35 relations: American wire gauge, Antenna (radio), Apple II, Apple II series, BBC Micro, Chatsworth, Los Angeles, Computer, Computer case, Crimp (electrical), D-subminiature, DIN 41612, Dual in-line package, Electromagnetic spectrum, Electronic color code, Eurocard (printed circuit board), Federal Communications Commission, Flexible flat cable, Floppy disk, Ground (electricity), Hacker culture, Hard disk drive, IEEE 1284, In-circuit emulation, Insulation-displacement connector, Micro ribbon connector, Musical keyboard, NASA, Optical disc drive, Parallel ATA, Personal computer, Pin header, RAS syndrome, Ribbon, SCSI connector, Stripboard.
American wire gauge (AWG), also known as the Brown & Sharpe wire gauge, is a logarithmic stepped standardized wire gauge system used since 1857 predominantly in North America for the diameters of round, solid, nonferrous, electrically conducting wire.
In radio, an antenna is the interface between radio waves propagating through space and electric currents moving in metal conductors, used with a transmitter or receiver.
The Apple II (stylized as Apple.
The Apple II series (trademarked with square brackets as "Apple.
The British Broadcasting Corporation Microcomputer System, or BBC Micro, is a series of microcomputers and associated peripherals designed and built by the Acorn Computer company for the BBC Computer Literacy Project, operated by the British Broadcasting Corporation.
Chatsworth is a neighborhood in the northwestern San Fernando Valley region of Los Angeles, California, United States.
A computer is a device that can be instructed to carry out sequences of arithmetic or logical operations automatically via computer programming.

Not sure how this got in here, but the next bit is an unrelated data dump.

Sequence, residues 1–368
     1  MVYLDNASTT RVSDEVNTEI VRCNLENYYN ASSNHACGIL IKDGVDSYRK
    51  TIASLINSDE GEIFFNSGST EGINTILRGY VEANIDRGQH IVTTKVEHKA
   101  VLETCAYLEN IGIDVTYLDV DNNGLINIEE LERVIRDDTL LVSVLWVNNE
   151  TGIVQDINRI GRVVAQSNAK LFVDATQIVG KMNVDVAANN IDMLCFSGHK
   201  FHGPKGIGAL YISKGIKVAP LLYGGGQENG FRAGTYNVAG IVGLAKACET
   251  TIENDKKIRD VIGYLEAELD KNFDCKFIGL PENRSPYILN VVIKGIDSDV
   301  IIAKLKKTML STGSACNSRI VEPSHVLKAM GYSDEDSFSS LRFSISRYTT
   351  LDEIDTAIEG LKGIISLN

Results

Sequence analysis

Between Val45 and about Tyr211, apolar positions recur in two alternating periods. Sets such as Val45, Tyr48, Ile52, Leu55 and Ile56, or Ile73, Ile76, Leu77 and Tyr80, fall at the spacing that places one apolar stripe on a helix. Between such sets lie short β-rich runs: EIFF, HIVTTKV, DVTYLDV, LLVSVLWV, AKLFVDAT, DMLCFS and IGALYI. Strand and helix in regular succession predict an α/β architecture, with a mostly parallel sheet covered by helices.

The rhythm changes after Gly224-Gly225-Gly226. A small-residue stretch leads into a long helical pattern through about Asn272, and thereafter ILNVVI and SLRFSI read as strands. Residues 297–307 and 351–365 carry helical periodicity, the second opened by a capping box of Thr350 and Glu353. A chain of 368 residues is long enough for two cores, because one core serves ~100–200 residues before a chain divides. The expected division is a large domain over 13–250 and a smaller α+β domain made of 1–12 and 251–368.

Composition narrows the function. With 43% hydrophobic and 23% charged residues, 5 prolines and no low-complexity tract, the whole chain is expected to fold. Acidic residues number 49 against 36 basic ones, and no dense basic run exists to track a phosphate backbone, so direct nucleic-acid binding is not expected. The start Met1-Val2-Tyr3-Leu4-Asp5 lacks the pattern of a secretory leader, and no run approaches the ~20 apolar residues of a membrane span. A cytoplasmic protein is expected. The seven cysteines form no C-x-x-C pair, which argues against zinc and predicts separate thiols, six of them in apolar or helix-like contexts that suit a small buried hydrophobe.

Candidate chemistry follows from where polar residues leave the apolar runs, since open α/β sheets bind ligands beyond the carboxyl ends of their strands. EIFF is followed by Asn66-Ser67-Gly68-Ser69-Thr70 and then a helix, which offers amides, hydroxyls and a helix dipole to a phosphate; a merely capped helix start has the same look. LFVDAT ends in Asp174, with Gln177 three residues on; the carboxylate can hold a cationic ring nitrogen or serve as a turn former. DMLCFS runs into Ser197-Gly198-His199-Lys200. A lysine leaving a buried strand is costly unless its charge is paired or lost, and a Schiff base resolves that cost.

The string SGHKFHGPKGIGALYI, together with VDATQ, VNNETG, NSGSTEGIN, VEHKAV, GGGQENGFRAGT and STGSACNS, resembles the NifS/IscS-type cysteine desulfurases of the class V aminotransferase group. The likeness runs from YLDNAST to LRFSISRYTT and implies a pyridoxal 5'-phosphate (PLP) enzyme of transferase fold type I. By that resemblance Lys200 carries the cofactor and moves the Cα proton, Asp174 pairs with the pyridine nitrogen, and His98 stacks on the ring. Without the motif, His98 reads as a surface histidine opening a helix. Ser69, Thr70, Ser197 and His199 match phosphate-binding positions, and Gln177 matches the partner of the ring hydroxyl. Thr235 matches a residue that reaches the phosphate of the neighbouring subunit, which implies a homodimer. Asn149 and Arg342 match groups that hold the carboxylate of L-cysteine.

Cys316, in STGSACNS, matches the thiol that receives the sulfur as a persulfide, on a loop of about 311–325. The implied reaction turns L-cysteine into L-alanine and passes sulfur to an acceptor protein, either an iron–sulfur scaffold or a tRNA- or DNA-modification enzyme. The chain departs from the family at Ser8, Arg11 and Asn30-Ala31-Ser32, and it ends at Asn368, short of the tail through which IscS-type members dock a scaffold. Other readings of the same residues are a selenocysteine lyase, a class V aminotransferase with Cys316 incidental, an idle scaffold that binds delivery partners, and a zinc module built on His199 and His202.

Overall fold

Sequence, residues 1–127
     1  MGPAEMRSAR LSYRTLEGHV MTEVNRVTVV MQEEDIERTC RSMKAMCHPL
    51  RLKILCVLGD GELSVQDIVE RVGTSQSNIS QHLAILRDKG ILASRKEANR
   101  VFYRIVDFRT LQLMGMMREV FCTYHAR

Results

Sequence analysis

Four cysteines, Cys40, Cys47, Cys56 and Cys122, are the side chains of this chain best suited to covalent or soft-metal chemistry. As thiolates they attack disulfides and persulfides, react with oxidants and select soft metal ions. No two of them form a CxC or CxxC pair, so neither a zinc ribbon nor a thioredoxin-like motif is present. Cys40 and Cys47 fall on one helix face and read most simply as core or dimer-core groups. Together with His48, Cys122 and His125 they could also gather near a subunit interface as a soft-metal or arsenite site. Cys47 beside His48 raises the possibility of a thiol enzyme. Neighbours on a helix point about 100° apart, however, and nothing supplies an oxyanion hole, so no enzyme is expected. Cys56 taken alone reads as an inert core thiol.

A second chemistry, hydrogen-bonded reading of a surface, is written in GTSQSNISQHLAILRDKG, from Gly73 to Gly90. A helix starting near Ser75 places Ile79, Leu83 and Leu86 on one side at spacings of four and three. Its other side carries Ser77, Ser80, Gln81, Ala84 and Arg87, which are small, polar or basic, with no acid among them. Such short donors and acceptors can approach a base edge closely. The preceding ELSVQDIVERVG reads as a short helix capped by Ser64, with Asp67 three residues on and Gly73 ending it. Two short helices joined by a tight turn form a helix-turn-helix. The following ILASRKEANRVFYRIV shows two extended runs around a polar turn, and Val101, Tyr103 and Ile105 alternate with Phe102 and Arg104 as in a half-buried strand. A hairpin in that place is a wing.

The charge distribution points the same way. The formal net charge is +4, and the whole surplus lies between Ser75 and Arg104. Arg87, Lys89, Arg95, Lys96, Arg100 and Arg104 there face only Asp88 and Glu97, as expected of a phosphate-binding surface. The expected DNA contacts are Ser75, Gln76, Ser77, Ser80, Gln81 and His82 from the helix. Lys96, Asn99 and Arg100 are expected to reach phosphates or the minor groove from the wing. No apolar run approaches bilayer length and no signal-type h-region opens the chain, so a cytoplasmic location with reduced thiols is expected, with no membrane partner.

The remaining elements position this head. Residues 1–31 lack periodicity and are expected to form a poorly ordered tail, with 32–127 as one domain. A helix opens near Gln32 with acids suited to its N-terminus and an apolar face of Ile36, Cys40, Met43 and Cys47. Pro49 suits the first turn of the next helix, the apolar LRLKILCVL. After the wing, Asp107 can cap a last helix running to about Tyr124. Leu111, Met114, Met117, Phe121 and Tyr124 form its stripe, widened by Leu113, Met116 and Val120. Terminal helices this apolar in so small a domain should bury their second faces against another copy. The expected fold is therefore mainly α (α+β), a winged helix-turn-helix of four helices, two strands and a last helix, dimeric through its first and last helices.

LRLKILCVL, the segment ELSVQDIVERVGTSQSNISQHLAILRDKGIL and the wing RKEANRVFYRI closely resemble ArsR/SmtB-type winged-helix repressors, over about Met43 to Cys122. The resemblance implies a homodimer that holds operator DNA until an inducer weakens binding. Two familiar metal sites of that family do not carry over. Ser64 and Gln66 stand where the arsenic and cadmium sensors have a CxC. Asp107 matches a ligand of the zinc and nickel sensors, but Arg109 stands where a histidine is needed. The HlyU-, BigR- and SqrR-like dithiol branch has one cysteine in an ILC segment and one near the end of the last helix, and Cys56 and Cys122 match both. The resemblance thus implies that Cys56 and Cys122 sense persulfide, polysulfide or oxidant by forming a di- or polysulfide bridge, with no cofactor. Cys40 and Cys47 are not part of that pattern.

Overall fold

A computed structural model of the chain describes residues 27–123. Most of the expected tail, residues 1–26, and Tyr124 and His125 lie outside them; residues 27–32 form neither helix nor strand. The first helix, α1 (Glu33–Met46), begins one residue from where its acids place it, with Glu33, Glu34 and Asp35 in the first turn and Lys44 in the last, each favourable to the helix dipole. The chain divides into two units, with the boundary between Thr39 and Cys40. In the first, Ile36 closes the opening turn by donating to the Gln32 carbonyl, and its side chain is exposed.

A computer case, also known as a computer chassis, tower, system unit or cabinet, is the enclosure that contains most of the components of a computer (usually excluding the display, keyboard and mouse).
An electrical crimp is a type of solderless electrical connection.
The D-subminiature or D-sub is a common type of electrical connector.
DIN 41612 is a DIN standard for electrical connectors that are widely used in rack based electrical systems.
In microelectronics, a dual in-line package (DIP or DIL), or dual in-line pin package (DIPP) is an electronic component package with a rectangular housing and two parallel rows of electrical connecting pins.
The electromagnetic spectrum is the range of frequencies (the spectrum) of electromagnetic radiation and their respective wavelengths and photon energies.
An electronic color code is used to indicate the values or ratings of electronic components, usually for resistors, but also for capacitors, inductors, diodes and others.
Eurocard is a European standard format for PCB cards that can be plugged together into a standardized subrack.
The Federal Communications Commission (FCC) is an independent agency of the United States government created by statute (and) to regulate interstate communications by radio, television, wire, satellite, and cable.
Flexible flat cable, or FFC, refers to any variety of electrical cable that is both flat and flexible.
A floppy disk, also called a floppy, diskette, or just disk, is a type of disk storage composed of a disk of thin and flexible magnetic storage medium, sealed in a rectangular plastic enclosure lined with fabric that removes dust particles.